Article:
Chandler relates the text to Du Bois' thinking as expressed in various early writings, including "Strivings of the Negro People" (1897), "Beyond the Veil in a Virginia Town" (unpublished manuscript circa 1897 written presumably during his time conducting research in the Farmville, VA area), "The Study of the Negro Problems" (1898), and The Souls of Black Folk (1903).
My Dear Mr. Washington:
Let me heartlily congratulate you upon your
phenomenal success at Atlanta -- it was a word
W.E.B. Du Bois
Wilberforce, 24 Sept., '95
In the "Notes" section of The Yale Review, Vol. 6 (February 1898) we find an anonymously written piece, "The Bulletins of the Department of Labor". The one-paragraph note indicates the social-scientific importance of The Negroes of Farmville, Virginia, but does not refer to Du Bois by name (p. 437):
The Bulletins of the Department of Labor for November, 1897, and January, 1898, contain valuable studies of especial classes of the population. The former has articles on the Italians in Chicago, and on the Anthracite Mine Laborers, while the latter treats in a special paper of the Negroes of Farmville. These special studies are a valuable supplement to the general statistics published by the Department of Labor as well as by the Census Bureau for the entire country. Mass figures, if they are to be made of any use, must be interpreted in the light of detailed study of specific classes and localities, and Col. Wright is giving great value to the Bulletin of the Department of Labor by inspiring such investigations. [Note: With the exception of the boldface at the beginning of this short note, nothing else was put in bold or even italic lettering. — RWW]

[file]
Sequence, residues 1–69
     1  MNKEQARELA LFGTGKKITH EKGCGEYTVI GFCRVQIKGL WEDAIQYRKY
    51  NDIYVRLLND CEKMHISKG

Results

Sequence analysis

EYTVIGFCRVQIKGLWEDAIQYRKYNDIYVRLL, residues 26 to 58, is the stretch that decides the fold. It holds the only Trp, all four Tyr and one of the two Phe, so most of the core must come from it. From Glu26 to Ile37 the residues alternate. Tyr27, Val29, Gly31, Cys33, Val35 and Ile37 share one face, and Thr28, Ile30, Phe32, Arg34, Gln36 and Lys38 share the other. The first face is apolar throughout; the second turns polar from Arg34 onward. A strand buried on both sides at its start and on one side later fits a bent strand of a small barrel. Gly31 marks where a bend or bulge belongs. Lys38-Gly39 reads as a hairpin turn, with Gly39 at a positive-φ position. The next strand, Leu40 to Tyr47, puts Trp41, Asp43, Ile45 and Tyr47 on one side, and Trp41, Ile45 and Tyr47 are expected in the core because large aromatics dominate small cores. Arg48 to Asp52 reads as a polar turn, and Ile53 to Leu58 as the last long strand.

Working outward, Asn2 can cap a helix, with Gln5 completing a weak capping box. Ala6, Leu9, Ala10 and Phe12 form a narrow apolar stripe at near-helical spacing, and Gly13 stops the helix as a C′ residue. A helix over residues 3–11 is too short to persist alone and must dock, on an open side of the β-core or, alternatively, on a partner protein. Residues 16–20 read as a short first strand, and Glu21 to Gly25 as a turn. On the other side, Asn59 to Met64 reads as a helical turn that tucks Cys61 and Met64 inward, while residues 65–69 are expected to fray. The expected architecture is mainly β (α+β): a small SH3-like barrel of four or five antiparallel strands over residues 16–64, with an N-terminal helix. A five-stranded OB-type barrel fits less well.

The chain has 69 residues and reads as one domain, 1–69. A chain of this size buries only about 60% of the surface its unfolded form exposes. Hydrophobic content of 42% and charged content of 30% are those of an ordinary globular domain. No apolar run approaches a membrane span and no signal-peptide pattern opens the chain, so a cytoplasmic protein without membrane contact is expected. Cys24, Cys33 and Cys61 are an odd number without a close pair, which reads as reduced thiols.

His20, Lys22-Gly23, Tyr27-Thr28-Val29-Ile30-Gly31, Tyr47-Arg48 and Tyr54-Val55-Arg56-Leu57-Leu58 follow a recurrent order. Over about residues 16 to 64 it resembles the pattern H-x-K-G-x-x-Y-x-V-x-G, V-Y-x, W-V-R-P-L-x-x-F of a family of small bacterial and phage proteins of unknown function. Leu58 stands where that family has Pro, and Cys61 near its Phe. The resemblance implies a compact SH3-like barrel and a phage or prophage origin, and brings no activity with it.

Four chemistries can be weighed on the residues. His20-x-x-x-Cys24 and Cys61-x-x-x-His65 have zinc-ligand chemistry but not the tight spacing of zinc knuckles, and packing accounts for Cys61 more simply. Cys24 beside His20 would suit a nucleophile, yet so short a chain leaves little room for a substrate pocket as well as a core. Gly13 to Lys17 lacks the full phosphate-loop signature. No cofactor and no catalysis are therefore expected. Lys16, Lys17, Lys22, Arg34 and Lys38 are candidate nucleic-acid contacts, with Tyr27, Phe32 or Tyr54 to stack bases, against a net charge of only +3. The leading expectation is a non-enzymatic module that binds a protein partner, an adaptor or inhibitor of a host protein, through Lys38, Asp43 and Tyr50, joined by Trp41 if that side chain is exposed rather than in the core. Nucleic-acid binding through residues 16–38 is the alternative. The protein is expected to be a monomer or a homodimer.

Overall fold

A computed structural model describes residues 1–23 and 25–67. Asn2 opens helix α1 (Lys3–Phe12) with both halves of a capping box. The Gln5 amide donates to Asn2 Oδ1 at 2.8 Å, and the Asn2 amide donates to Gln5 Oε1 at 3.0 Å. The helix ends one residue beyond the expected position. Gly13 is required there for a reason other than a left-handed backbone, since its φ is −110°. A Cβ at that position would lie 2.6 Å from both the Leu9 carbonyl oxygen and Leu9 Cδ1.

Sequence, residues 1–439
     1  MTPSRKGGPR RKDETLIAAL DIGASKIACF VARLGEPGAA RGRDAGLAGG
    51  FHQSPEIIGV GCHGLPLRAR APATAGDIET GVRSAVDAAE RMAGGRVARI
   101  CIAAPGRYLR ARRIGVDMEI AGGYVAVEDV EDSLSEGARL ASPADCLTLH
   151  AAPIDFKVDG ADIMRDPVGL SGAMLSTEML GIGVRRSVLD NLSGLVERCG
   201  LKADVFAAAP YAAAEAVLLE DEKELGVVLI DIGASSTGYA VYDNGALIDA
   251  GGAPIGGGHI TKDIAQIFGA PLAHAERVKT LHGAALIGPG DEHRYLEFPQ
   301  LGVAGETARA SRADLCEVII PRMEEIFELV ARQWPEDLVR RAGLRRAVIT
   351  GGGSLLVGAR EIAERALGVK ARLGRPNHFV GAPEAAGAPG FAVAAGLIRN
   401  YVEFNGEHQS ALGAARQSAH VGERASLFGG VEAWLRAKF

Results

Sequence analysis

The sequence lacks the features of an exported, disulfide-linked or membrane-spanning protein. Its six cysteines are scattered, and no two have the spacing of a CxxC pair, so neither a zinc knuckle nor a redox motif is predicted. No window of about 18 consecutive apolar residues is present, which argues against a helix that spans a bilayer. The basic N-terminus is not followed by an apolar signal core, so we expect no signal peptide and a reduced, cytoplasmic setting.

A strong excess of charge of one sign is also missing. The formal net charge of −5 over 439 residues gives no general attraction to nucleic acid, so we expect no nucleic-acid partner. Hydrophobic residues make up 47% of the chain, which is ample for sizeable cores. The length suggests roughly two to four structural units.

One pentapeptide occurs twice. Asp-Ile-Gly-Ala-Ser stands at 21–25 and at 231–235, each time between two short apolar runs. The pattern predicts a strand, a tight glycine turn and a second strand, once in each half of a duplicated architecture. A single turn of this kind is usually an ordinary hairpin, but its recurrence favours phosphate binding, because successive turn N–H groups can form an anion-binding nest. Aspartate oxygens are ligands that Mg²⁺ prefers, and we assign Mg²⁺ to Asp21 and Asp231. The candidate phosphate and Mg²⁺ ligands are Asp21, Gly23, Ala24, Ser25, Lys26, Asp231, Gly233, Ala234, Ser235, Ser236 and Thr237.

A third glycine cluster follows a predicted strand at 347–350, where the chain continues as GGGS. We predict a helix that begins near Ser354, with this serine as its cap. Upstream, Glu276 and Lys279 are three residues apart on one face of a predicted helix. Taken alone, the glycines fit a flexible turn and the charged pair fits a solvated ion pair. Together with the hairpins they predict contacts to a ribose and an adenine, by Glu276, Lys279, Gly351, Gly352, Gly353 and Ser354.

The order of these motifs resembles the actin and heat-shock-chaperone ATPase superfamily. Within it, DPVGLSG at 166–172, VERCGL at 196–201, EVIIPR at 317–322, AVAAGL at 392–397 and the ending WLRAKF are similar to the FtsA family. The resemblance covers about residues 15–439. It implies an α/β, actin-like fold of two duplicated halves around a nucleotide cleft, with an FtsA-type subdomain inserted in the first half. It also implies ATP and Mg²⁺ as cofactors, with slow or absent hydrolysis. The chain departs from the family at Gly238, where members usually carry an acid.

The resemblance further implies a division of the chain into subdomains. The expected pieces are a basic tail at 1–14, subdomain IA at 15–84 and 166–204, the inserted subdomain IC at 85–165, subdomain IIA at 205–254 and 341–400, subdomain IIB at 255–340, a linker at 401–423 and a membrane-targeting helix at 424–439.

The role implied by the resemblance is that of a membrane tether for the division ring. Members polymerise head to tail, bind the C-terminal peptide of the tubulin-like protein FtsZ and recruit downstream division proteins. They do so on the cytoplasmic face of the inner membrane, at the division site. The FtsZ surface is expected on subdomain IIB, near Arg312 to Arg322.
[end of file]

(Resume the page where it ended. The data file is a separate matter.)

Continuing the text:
Page 437 in the full text of the periodical (at Google Books)
Charles Edward Burrell, in his A History of Prince Edward County, Virginia, from Its Formation in 1753 to the Present (Richmond, VA: Williams Printing Co.,1922), covered the history of the county in which Farmville is located. While Burrell discussed African Americans in the county (search for the word "Negro"), his overall -- and patronizing -- perspective is evident in his justification of the disfranchisement of African American males (see, e.g., pp. 191, 192-3, 203, 360). The work is available at the Internet Archive: download page.
"Interview with Bancroft Winner Melvin Patrick Ely" (dated 23 May 2005):
Dr. Ely [faculty page 1; page 2] discusses the African American town of Israel Hill -- a town where Du Bois had conducted some of the sociological work that was published in his Negroes of Farmville, Virginia (1898). Ed Pompeian is the interviewer, asking questions about Ely's Israel on the Appomattox: A Southern Experiment in Black Freedom from the 1790s Through the Civil War (NY: Knopf, 2004). The interview is posted at the History News Network site (sponsored by George Mason University):
• The Boston Evening Transcript (7 June 1899: p.10, col.5) printed a summary of the NBBS entitled "A Study of the Negro; Interesting Sketch of Types in the South". It was a "Special to the Transcript" written by someone named "Lincoln" and included several long quotations from the NBBS. The article also presented the following biographical sketch:
Dr. Dubois [sic] is an instructor in Atlanta University, but is perhaps principally known by reason of his close-range studies of the negro [sic] in various parts of the United States. He is perhaps the most scholarly colored [sic] man in this country, and as such his observations and conclusions are entitled to great weight.